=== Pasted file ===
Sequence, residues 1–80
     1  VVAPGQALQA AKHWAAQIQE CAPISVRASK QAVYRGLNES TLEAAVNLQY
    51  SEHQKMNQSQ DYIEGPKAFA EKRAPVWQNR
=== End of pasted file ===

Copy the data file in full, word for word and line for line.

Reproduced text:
Sequence, residues 1–80
     1  VVAPGQALQA AKHWAAQIQE CAPISVRASK QAVYRGLNES TLEAAVNLQY
    51  SEHQKMNQSQ DYIEGPKAFA EKRAPVWQNR